Consent for publication of quotations from the site visit data sources was given by the Los Angeles County Department of Mental Health.

Competing interests

The authors declare that they have no competing interests.

Publisher’s Note

Springer Nature remains neutral with regard to jurisdictional claims in published maps and institutional affiliations.

Open AccessThis article is distributed under the terms of the Creative Commons Attribution 4.0 International License (http://creativecommons.org/licenses/by/4.0/), which permits unrestricted use, distribution, and reproduction in any medium, provided you give appropriate credit to the original author(s) and the source, provide a link to the Creative Commons license, and indicate if changes were made. The Creative Commons Public Domain Dedication waiver (http://creativecommons.org/publicdomain/zero/1.0/) applies to the data made available in this article, unless otherwise stated.

Authors’ Affiliations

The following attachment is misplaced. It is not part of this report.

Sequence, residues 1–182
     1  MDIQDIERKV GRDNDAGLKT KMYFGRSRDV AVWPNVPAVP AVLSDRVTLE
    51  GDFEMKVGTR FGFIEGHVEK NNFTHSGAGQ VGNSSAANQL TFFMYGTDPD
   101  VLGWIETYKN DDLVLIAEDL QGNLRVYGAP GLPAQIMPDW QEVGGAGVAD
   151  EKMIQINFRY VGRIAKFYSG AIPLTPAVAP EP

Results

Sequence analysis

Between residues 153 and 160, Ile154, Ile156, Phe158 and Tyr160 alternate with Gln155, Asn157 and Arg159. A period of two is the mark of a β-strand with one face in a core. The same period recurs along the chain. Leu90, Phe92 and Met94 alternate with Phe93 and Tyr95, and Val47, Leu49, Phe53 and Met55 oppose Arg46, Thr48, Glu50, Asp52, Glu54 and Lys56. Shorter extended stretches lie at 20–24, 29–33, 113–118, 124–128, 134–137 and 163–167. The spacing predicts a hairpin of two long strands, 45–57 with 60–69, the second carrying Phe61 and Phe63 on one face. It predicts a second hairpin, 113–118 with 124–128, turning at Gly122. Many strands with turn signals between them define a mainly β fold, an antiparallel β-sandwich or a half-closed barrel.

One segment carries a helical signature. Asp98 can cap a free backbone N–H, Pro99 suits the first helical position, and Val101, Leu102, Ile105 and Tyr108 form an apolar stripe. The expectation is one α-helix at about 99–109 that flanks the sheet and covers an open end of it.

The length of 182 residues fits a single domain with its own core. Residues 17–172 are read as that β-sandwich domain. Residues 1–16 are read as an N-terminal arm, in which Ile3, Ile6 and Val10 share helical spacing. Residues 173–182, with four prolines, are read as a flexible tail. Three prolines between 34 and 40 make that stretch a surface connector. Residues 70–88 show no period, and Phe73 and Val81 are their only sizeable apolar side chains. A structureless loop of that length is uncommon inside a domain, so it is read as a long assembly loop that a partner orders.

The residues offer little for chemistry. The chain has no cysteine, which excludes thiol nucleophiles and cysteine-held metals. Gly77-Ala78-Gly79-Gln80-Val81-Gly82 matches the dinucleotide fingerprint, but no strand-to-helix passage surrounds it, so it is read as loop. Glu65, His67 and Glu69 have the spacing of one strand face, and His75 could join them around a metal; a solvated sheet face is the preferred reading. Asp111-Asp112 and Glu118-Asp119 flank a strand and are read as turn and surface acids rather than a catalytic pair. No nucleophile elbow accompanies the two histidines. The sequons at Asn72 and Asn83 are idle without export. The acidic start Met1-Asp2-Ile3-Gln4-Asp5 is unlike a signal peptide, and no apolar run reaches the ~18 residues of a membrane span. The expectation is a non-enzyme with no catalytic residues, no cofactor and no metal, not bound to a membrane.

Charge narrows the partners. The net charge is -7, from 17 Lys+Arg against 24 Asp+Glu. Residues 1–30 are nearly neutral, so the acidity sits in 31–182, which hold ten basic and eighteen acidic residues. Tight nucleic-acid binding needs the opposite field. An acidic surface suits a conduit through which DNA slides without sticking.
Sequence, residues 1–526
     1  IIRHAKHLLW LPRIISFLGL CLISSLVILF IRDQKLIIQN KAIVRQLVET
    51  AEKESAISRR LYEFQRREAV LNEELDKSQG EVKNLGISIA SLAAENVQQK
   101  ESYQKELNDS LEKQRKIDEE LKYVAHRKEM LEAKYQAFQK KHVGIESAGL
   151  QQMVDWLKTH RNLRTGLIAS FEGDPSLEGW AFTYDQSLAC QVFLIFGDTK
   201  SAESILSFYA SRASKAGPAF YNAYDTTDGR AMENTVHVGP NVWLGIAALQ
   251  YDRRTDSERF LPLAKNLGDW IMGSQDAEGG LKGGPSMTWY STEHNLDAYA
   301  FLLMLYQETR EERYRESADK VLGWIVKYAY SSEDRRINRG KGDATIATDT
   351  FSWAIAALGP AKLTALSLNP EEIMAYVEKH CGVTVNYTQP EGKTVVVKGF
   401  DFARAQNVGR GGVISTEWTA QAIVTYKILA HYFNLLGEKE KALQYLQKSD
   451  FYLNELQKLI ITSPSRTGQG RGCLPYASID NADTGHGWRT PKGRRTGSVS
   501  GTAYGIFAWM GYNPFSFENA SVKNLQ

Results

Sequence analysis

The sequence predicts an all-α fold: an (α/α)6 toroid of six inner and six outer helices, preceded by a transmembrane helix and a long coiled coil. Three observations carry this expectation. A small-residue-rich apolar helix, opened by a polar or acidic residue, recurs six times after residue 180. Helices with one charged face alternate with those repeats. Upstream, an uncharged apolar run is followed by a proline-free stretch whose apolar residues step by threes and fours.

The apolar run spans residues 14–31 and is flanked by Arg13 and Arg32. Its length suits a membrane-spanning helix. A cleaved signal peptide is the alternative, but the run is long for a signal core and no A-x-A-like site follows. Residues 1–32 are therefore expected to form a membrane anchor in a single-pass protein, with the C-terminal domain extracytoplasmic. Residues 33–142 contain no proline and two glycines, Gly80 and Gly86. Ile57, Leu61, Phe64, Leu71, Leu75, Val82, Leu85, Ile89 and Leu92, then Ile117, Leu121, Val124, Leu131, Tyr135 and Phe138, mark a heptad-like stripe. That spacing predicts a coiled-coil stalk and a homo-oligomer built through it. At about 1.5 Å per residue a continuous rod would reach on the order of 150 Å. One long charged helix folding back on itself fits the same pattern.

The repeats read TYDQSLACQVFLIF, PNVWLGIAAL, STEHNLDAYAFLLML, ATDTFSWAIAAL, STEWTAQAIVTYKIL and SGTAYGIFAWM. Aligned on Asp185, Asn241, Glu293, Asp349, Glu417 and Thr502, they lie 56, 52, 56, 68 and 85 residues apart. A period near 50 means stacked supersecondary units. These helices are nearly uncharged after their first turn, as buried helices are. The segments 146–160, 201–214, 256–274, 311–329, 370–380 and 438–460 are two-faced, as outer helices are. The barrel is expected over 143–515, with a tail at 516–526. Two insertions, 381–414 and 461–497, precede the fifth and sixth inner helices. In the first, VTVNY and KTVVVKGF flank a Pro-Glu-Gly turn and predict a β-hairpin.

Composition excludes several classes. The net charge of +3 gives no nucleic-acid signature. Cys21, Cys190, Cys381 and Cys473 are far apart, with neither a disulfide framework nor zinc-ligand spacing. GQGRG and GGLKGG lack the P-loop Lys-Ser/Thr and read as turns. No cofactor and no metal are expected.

(1)
Department of Psychology, University of California, Los Angeles
(2)
Department of Counseling, Clinical, and School Psychology, Gevirtz Graduate School of Education, University of California, Santa Barbara
(3)
Department of Psychiatry, University of California, San Diego
(4)
Department of Psychiatry and Biobehavioral Sciences, David Geffen School of Medicine, University of California, Los Angeles
(5)
Mental Health Services Act - Prevention and Early Intervention Administration Division, Program Support Bureau, Los Angeles County Department of Mental Health
(6)
Child and Adolescent Services Research Center

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Copyright

© The Author(s). 2017